With that understanding in mind, on February 24, 1970, Dr. George Simkins and close to a dozen black parents filed a legal suit demanding immediate desegregation of Greensboro’s schools. The next April Judge Edward Stanley ruled in favor of Simkins and the black parents, and ordered the Greensboro school board to offer a plan for complete desegregation by June 18, 1971, to be implemented in the subsequent school year.18 The school board, under the leadership of new chairman Al Lineberry, submitted a plan which left five schools all white and three mostly black. The NAACP offered its own proposal to Judge Stanley in which all schools would have the same racial proportions. After gaining the school board’s consent, Stanley chose the NAACP’s plan as the preferred model to carry out the mandated integration of Greensboro schools.19

In 1971, Greensboro was one of the last five cities in the state to fully integrate its public schools. Several organizations were established in Greensboro to ease the transition to a fully integrated school system, including the Chamber of Commerce’s Concerned Citizens for Schools (CSS), a study group lead by Joan Bluethenthal, and the Lay-Professional Advisory Committee (LPAC).20 The efforts of these organizations were important in forging a peaceful coalition of blacks and whites during a period of heightened racial tension and change.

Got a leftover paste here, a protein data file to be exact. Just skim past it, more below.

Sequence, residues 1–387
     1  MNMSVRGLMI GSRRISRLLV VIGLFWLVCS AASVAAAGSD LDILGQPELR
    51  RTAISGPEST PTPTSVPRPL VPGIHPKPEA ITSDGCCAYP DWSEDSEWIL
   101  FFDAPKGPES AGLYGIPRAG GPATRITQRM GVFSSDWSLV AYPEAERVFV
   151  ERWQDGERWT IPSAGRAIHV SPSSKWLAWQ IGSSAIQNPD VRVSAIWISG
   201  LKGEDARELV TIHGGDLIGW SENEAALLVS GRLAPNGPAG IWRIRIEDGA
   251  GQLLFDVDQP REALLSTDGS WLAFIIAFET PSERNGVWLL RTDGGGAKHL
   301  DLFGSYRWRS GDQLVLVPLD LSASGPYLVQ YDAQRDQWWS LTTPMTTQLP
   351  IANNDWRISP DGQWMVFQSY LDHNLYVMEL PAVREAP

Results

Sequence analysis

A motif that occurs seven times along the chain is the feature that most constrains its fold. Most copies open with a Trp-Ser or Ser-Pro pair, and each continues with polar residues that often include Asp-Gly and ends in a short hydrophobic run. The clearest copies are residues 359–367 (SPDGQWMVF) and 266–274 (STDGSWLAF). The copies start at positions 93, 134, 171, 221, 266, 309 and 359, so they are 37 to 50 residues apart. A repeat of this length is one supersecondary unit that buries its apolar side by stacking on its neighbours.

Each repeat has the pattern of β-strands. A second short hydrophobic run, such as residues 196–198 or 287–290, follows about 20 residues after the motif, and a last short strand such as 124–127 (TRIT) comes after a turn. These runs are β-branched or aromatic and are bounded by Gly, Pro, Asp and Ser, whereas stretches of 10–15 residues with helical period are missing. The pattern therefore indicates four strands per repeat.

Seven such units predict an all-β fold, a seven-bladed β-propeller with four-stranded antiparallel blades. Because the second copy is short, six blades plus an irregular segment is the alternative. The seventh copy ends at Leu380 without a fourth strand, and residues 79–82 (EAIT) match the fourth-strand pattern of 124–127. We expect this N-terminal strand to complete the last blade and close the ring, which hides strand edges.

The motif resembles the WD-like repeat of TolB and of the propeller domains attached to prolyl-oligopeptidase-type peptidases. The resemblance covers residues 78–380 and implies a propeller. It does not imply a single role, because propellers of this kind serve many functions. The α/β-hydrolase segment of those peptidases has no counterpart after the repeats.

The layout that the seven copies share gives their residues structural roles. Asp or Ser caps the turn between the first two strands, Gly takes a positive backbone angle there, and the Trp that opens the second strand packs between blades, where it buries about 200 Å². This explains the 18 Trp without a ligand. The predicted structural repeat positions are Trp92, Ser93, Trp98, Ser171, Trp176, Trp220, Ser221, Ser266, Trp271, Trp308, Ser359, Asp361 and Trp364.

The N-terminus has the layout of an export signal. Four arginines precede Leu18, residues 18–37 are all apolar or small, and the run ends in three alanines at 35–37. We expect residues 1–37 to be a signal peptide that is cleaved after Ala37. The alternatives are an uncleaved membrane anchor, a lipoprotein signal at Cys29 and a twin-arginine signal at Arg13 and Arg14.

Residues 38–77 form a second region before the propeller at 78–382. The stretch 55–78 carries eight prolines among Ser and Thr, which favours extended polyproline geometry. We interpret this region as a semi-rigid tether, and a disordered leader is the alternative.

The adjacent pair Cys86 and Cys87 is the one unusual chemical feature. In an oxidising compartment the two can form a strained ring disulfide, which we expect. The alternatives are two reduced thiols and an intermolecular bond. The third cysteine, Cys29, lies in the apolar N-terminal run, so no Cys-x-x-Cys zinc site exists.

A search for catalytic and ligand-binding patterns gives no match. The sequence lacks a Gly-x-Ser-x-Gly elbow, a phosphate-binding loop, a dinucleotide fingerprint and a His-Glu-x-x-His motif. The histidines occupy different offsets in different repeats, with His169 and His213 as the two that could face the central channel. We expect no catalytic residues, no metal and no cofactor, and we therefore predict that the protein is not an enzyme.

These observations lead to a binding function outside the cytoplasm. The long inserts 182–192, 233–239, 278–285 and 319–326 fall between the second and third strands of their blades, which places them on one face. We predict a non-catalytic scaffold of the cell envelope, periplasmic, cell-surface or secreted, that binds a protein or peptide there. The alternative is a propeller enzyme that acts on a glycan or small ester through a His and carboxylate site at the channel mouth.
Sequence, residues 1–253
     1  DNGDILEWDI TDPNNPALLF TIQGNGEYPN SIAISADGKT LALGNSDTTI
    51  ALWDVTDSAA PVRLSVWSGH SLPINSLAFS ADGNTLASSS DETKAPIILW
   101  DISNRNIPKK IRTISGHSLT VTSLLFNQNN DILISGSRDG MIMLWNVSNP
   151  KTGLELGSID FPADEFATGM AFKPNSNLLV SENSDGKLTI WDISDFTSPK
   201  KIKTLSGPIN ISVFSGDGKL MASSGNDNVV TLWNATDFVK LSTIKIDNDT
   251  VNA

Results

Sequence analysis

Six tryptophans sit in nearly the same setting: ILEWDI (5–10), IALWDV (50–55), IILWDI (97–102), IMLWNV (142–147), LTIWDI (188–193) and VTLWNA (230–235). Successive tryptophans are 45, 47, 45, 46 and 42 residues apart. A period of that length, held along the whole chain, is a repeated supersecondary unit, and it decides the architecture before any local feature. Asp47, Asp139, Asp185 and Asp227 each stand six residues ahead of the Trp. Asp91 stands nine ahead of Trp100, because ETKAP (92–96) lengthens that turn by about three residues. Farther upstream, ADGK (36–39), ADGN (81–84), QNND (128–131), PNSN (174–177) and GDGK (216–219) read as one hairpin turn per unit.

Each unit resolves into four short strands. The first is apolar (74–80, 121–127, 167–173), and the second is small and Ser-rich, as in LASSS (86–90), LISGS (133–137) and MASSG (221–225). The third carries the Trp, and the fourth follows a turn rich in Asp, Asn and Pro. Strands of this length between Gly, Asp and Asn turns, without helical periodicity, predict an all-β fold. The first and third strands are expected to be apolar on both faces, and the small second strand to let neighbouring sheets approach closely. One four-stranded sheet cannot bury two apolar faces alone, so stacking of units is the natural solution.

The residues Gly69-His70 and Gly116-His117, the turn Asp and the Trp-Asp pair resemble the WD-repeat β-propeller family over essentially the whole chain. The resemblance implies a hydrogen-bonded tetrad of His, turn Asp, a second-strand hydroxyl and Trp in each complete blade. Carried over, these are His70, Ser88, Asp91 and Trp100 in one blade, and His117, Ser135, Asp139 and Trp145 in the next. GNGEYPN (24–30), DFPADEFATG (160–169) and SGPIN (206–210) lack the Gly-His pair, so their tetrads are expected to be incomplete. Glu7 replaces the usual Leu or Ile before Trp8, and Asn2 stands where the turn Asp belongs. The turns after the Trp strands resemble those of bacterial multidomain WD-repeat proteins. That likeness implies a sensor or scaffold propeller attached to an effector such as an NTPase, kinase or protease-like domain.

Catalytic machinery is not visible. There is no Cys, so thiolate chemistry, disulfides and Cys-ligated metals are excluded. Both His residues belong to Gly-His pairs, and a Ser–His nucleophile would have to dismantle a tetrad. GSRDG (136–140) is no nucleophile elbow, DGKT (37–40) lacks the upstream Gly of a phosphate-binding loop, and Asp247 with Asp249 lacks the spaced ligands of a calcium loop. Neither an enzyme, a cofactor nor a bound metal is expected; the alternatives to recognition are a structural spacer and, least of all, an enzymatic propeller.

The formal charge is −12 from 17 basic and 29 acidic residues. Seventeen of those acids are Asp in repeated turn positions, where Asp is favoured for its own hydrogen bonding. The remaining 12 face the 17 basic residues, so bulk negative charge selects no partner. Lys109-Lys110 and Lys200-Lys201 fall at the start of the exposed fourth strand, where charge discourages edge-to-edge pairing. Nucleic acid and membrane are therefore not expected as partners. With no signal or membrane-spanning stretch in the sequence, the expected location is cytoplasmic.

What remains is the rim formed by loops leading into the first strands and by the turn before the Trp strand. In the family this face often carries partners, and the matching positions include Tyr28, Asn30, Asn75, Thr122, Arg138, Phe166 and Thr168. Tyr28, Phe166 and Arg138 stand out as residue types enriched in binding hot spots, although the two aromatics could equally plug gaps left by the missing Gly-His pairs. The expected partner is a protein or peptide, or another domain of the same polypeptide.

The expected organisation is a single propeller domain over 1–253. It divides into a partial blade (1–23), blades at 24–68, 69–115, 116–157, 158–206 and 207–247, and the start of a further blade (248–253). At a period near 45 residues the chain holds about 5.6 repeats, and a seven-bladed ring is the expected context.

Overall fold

Greensboro joined Raleigh, Rocky Mount, and a few other North Carolina cities that in 1971 were placed under “new attendance plans…which call[ed] for busing to eliminate the last of their segregated schools.”21 Busing as a method of achieving integration was ruled legal in the Swann v. Mecklenberg Supreme Court decision of 1971, but it was not without controversy. Even as proponents of integration witnessed swift changes in Greensboro schools’ racial proportions, many were unhappy with the busing system which transported some students long distances in order to achieve satisfactory integration ratios. In addition, Black Power advocates such as Nelson Johnson strongly believed that the forced integration marginalized African Americans and was a way for whites to ‘break [black pride] down and control our schools.’22